Contraception for all

Re. Lloyd Vinish’s letter Better reasons needed (Castanet, March 7)

This letter seems to have missed the point entirely.

While I appreciate the concerns about using tax dollars to fund contraception, I believe your comparisons to hockey helmets and crutches are flawed.

Yes, helmets and crutches can also save healthcare costs and alleviate healthcare costs for those in need, and there are government programs that do provide assistance for those in need. It's not a question of either/or when it comes to public funding for healthcare, it's about providing essential services that have a real impact on people's lives.

The writer argues people should take responsibility for their own decisions, like using contraception. But what about those who don't have the resources or education to make informed decisions about contraception? Providing public funding for contraception ensures everyone, regardless of their socio-economic status, has access to this essential healthcare service.

This is not about coddling people or taking away their responsibility, but rather about promoting equitable access to healthcare.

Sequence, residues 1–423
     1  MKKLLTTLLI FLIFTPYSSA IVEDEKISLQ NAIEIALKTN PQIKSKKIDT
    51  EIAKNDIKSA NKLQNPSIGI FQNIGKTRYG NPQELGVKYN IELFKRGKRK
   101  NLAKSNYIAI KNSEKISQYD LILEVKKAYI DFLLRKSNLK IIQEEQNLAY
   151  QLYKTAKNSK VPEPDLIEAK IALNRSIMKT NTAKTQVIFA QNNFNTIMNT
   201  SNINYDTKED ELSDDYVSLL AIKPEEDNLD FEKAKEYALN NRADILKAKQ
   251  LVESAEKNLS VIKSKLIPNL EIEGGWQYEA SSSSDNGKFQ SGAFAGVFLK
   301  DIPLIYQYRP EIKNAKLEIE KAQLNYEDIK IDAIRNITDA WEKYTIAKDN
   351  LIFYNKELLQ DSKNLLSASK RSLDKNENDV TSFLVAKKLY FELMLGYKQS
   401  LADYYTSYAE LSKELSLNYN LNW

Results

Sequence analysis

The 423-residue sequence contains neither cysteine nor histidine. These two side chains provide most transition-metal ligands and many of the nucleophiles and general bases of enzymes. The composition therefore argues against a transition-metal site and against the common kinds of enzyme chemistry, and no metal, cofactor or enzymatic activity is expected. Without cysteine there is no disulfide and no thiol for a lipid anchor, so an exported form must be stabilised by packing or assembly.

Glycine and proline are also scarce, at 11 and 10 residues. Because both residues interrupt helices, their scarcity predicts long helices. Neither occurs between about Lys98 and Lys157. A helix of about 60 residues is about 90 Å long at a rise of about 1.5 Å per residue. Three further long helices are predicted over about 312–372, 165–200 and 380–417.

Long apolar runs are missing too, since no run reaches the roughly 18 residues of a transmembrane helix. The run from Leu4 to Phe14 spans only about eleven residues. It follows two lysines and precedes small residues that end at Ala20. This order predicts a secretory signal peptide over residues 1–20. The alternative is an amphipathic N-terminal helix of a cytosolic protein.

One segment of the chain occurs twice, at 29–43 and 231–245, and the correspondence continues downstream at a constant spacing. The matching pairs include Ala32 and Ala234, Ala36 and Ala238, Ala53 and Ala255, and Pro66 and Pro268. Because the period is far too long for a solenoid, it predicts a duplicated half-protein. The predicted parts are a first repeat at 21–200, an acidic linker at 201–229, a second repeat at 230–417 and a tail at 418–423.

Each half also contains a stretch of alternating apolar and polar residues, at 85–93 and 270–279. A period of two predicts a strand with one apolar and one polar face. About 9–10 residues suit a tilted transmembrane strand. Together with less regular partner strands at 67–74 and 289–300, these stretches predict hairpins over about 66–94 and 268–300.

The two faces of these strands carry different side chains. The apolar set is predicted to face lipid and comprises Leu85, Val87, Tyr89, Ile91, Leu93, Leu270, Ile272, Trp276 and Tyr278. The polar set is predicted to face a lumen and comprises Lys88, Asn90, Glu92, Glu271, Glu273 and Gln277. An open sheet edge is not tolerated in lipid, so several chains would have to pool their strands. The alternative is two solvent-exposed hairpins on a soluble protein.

Contraception is not just about personal responsibility, but also about promoting healthy families and communities. By providing access to contraception, we can help prevent unintended pregnancies and reduce the number of children born into unstable or unhealthy environments. This is not just good for individuals, but for society as a whole.

It's not about the government paying for everything in our lives, it's about using tax dollars to support basic healthcare needs that benefit society as a whole.

Our government provides funding for music lessons, dance lessons and other programs in the form of grants to non-profit societies. So, while he may not personally use contraception, it is important to remember his tax dollars go towards supporting a variety of services and programs that he may not personally use but that benefit society as a whole.

It makes sense for (government) to supplement the cost of contraceptives for those in need. It's time to recognize that access to contraception is not a luxury but a fundamental right that should be available to all.

Chelsea Terry

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